Meeting NewsPerspective

Complete revascularization superior to culprit lesion-only PCI for STEMI, multivessel CAD: COMPLETE

Shamir R. Mehta

PARIS — Complete revascularization was superior to culprit lesion-only PCI for reducing risk for CV death or MI in patients with STEMI and multivessel CAD, according to results from the COMPLETE trial presented at the European Society of Cardiology Congress.

“For the first time, we have clear evidence that a complete revascularization strategy reduces hard clinical outcomes,” Shamir R. Mehta, MD, professor in the division of cardiology at McMaster University in Hamilton, Ontario, Canada, director of interventional cardiology at Hamilton Health Services and principal investigator of the COMPLETE trial, told Cardiology Today. “We have evidence previously that it reduced revascularization, but that’s a soft outcome. In an open-label trial where the patient and physician know the treatment arm, it has less weight. What we really wanted to know was whether a nonculprit lesion PCI can change the natural history of the disease. Now we have that. We have that evidence for the first time. So yes, this will change clinical practice, and yes, this will change the guidelines because the results are definitive.”

Patents with STEMI

In the multinational, randomized trial, researchers analyzed data from 4,041 patients who presented to the hospital with STEMI and were able to undergo randomization with 72 hours after successful culprit lesion PCI. Patients also had multivessel CAD, which was defined as the presence of at least one nonculprit lesion that was angiographically significant and was amenable to PCI and within a vessel at least 2.5 mm in diameter not stented during the index culprit lesion PCI.

“The baseline characteristics are very compatible to the STEMI patient population,” Mehta said during the press conference.

Complete revascularization was superior to culprit lesion-only PCI for reducing risk for CV death or MI in patients with STEMI and multivessel CAD, according to results from the COMPLETE trial presented at the European Society of Cardiology Congress.
Source: Adobe Stock

Patients were assigned either complete (n = 2,016; mean age, 62 years; 81% men) or culprit lesion-only revascularization (n = 2,025; mean age, 62 years; 79% men).

“An important caveat of the design of this trial was that investigators were asked before randomization when they intended to perform their nonculprit lesion PCI: early during the initial hospitalization or after discharge from hospital,” Mehta said during the press conference.

Both groups received guideline-based medical therapy, which included dual antiplatelet therapy with ticagrelor (Brilinta, AstraZeneca) and aspirin for a least 1 year, followed by aspirin for all patients and 60 mg of ticagrelor twice per day for those who did not have a high risk for bleeding. Other recommended therapies included ACE inhibitors, high-dose statin therapy, angiotensin receptor blockers, beta-blockers and mineralocorticoid receptor antagonists.

The first coprimary outcome was a composite of CV death or new MI. The second coprimary outcome was a composite of CV death, ischemia-driven revascularization or new MI. Safety outcomes were defined as contrast-associated acute kidney injury and major bleeding. Follow-up was conducted at 6 weeks, 6 months, 1 year and annually.

“The nonculprit lesion was located in the [left anterior descending artery] in approximately 40% of cases and in the proximal LAD in approximately 10% of cases,” Mehta said during the press conference. “Probably one of the most important parameters in the trial is that complete revascularization was actually achieved in over 90% of patients who are allocated to the nonculprit lesion PCI arm. That means that they had a SYNTAX score of 0, so there was no significant disease left behind in that group.”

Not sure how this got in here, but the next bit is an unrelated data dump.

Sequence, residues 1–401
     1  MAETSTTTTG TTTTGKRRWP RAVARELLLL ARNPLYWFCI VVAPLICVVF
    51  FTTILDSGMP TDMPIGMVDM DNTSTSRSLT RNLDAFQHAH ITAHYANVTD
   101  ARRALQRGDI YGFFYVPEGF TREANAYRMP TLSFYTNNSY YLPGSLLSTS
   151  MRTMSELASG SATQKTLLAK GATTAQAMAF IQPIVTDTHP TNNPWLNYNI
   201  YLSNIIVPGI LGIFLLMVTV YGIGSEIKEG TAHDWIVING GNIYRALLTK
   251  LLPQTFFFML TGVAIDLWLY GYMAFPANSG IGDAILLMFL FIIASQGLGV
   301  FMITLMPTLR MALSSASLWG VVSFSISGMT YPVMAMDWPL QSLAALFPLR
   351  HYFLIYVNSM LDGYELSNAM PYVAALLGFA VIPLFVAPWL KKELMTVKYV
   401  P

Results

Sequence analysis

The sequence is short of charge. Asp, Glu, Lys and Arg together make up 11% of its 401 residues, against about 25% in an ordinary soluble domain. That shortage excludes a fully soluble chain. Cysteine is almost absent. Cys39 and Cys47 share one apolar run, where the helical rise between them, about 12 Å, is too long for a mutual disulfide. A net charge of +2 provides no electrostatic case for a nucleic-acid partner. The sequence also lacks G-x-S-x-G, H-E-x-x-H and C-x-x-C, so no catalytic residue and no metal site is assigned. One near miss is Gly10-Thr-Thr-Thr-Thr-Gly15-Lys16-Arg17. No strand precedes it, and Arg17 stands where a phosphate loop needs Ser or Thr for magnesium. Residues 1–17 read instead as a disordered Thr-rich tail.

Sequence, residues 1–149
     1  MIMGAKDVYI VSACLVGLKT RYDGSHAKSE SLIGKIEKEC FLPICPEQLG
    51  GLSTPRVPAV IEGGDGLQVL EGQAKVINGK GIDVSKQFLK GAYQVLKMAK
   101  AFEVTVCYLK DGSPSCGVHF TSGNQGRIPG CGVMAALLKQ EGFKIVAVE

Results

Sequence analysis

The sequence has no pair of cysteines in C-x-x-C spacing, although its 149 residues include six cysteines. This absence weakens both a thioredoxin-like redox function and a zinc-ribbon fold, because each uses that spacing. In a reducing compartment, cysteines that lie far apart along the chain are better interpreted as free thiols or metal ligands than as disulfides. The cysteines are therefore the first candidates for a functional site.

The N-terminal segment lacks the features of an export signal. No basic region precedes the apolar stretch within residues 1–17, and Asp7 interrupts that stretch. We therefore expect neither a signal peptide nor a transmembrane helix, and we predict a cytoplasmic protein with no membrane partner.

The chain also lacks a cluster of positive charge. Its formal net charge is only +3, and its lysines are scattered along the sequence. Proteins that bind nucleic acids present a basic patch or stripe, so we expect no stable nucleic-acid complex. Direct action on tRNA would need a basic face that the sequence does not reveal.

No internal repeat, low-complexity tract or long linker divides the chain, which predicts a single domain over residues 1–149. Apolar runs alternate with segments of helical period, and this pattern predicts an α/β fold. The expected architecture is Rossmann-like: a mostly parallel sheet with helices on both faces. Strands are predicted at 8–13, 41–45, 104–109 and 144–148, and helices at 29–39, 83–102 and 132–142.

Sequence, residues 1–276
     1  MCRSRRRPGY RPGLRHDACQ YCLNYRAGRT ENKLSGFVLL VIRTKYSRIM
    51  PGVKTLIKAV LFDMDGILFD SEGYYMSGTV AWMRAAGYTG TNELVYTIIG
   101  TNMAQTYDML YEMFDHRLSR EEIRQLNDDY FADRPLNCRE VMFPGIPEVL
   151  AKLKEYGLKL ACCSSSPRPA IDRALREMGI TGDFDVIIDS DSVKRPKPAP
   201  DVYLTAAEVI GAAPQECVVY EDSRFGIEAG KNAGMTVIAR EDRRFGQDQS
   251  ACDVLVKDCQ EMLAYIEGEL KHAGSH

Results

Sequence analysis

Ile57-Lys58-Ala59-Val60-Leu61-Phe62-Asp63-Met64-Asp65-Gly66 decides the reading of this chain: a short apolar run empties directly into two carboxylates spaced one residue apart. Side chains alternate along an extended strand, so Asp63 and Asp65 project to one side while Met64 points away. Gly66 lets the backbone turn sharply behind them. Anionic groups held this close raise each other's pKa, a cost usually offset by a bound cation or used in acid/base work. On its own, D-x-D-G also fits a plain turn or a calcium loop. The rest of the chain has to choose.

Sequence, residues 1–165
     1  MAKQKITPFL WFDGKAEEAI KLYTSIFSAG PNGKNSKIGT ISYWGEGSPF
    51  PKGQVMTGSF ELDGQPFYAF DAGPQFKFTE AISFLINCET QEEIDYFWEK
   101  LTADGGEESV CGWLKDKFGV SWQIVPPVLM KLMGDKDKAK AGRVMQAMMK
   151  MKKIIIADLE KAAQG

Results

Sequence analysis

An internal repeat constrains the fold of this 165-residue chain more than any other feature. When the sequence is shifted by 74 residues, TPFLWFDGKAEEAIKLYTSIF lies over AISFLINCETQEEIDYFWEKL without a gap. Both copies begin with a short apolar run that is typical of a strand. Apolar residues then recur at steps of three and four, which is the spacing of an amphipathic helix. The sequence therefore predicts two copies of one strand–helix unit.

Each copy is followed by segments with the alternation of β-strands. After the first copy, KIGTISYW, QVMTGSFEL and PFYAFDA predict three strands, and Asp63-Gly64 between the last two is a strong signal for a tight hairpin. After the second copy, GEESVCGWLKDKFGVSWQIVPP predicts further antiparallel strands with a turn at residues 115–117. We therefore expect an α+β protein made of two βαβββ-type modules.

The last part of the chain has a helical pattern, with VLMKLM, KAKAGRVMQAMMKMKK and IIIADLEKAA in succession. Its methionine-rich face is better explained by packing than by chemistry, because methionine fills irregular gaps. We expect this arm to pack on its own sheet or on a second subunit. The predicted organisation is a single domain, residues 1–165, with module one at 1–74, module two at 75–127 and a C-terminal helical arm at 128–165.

Results from this trial were also published in The New England Journal of Medicine.

Events during follow-up

CV death or new MI occurred in 7.8% of patients in the complete revascularization group compared with 10.5% of those in the culprit-lesion-only PCI group at a median follow-up of 3 years (HR = 0.74; 95% CI, 0.6-0.91). The number needed to treat to prevent one of these events over a 3-year period was 37.

The second coprimary outcome occurred in 8.9% of patients assigned complete revascularization compared with 16.7% of those assigned culprit lesion-only PCI (HR = 0.51; 95% CI, 0.43-0.61).

“The complete revascularization strategy has an effect over long-term events similar to what we’ve seen with CABG surgery 20 years ago with medical management,” Mehta said during the press conference.

The researchers found that the benefit conferred from complete revascularization was consistent regardless of the timing of nonculprit-lesion PCI (P for interaction for the first coprimary outcome = .62; P for interaction for the second coprimary outcome = .27).

“There is absolutely no interaction, meaning that it doesn’t matter whether it is performed early during the index hospitalization or later after discharge from hospital,” Mehta said during the press conference. “The benefits on hard outcomes, CV death or MI are preserved, and the reason for that likely is because the benefits of complete revascularization occur over the long term.”

The safety outcomes did not differ between the groups.

Mehta said clear evidence from this trial may be enough to prove that complete revascularization benefits these patients, but there is some potential for further research.

“If there is more research, they’ll just tweak the question as to is it safe to do it during an index PCI procedure, although our data suggest that the timing during the first month to a month and a half is probably not that important because the main benefit occurs late over the long term,” Mehta told Healio.

This trial confirms how cardiologists should treat this specific patient population.

Roxana Mehran

“It’s a groundbreaking study, that complete revascularization should be the way to go with all of our STEMI patients,” Cardiology Today’s Intervention Associate Medical Editor Roxana Mehran, MD, FACC, FAHA, FESC, professor of medicine at Icahn School of Medicine at Mount Sinai, said in an interview. “We can do it either immediately or out of hospital. Timing doesn’t matter. We just have to give blood supply to the entire coronary tree and to all of the myocardium, not just to the culprit artery. To me, it’s a no-brainer.”